Fuzzy pink mustaches affixed to the front bumper of a car is the sign of one of Madison’s newest transportation options — and one of its latest controversies.
The mustache is the signature look of Lyft, a smartphone application that allows people to order rides from others willing to provide transportation in their personal vehicle, for a fee exchanged through the app and split between the driver and the company.
Lyft and a similar service, Uber, have operated in other cities but just recently launched in Madison. The companies’ presence in the area has raised the eyebrows of city officials and prompted pushback from Madison’s four licensed cab companies.
Dozens of people turned out for a public input session held Wednesday by the Madison Transit and Parking Commission, where drivers from Lyft and a state manager from Uber touted the safety of their services, saying they require background checks, provide drivers and customers with a photo of each other and carry out financial transactions without cash.
But questions about insurance liability and complaints from licensed cab companies about the potential for an unfair playing field were front and center.
“(These companies and their supporters) tell people that they’re not taxi companies and should not be bound by the same rules as the cab industry. As I understand in their business model, they contact drivers to pick up customers on demand and transport them throughout the city for a fee. My question is how is that not a taxi service?” said Jason Glomp, a member of Union Cab’s board.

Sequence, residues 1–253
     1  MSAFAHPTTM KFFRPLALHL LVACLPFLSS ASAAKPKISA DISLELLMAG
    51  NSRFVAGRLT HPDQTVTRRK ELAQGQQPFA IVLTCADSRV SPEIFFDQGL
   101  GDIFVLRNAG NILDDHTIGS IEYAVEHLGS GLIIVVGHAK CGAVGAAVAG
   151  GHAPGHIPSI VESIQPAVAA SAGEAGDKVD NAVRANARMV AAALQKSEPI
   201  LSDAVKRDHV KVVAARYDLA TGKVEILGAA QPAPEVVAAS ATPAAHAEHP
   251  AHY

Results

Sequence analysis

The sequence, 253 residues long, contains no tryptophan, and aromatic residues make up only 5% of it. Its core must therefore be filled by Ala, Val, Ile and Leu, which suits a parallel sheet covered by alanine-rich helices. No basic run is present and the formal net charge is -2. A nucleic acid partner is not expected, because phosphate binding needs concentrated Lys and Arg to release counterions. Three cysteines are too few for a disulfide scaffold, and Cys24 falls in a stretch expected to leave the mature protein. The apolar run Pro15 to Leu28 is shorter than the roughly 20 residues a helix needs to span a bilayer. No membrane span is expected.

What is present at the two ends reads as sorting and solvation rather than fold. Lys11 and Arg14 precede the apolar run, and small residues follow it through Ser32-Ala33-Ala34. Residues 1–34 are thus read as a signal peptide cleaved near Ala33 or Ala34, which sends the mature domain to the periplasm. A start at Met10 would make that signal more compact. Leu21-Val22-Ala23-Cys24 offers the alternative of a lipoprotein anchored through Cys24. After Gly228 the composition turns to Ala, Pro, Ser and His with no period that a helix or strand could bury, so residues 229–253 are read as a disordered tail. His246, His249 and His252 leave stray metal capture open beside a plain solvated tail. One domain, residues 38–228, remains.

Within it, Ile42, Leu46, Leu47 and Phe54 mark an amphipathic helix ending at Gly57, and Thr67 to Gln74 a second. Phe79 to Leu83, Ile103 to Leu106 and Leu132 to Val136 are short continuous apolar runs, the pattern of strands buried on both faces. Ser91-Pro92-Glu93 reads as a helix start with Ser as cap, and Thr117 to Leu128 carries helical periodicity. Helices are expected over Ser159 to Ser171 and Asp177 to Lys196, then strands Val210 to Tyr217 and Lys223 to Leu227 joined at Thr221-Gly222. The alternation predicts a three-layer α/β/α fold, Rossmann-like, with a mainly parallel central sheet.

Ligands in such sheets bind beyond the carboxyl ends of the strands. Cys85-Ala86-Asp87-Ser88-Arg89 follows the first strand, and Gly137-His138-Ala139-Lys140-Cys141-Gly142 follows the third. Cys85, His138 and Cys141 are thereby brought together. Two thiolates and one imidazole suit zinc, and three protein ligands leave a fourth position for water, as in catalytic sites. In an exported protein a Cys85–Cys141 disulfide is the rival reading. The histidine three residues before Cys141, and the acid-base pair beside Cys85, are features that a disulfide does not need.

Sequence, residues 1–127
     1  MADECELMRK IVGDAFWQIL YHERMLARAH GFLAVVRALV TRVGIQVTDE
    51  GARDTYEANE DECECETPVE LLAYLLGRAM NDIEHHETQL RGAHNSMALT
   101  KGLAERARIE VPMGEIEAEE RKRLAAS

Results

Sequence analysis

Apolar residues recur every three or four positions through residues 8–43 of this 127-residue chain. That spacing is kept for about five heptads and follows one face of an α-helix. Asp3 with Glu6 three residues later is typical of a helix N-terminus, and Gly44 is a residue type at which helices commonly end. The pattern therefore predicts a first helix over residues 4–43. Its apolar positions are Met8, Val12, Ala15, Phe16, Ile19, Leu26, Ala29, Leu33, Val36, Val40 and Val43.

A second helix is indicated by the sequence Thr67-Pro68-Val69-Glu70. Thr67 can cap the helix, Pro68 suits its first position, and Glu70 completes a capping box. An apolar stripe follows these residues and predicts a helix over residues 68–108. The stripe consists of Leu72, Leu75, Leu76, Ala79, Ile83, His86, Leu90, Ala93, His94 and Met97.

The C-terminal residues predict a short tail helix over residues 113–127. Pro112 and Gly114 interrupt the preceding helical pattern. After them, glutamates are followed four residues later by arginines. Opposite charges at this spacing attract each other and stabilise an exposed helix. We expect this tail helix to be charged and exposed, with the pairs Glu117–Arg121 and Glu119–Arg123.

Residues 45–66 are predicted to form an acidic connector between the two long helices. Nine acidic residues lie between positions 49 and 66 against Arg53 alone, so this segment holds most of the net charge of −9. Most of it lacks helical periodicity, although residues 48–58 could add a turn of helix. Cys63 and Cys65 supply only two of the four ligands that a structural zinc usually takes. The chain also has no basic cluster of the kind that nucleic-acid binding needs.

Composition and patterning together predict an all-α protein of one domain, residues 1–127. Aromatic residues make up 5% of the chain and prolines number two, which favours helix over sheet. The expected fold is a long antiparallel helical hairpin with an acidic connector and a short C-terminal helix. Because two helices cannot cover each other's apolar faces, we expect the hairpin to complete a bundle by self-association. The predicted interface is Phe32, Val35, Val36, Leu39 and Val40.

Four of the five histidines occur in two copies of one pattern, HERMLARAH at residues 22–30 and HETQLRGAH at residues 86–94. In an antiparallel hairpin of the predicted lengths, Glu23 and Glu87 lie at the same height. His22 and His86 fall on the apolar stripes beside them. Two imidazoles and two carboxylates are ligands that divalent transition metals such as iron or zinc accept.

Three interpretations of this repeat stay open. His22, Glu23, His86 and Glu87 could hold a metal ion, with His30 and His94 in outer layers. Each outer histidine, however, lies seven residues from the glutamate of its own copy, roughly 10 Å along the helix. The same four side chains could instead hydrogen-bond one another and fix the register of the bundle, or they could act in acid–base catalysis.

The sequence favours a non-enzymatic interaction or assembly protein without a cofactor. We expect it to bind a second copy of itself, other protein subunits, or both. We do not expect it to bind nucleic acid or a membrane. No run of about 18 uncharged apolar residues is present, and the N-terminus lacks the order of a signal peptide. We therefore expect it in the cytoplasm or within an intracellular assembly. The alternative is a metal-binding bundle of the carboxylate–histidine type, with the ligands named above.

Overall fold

Glomp and others argued that the services should be subject to the same licensing standards and insurance practices as Madison’s existing cab companies to promote safety for drivers and passengers and to ensure fairness.
It became clear Wednesday that as Lyft and Uber currently exist, the city agrees with Glomp. At the meeting, the City Attorney’s Office said it believes the two companies are currently operating in violation of the city’s taxi ordinance, and Madison police Capt. Carl Gloede said drivers for those services should cease operation immediately or face fines.
But there is demand for the convenience offered by Lyft and Uber. James Lloyd, director of the nonprofit group 100 State, said he regularly uses taxis and felt there is a “massive gap” in services between Madison and other cities. Lloyd said he believes a lack of competition has created a lower-quality experience for users.
Phil Anderson, general manager of Green Cab, said the extreme cold this winter has made wait times longer. But he said that over the course of the year, particularly the slower summer months, he felt Madison’s four cab companies, collectively, were probably the appropriate size for the city.
Commissioners expressed other concerns about potential discrimination of riders with disabilities or who can’t afford smartphones or don’t have credit cards.
Ald. Scott Resnick, 8th District, said he is working on legislation that would allow the companies to coexist with traditional taxi services through regulation.
©2014 The Wisconsin State Journal (Madison, Wis.)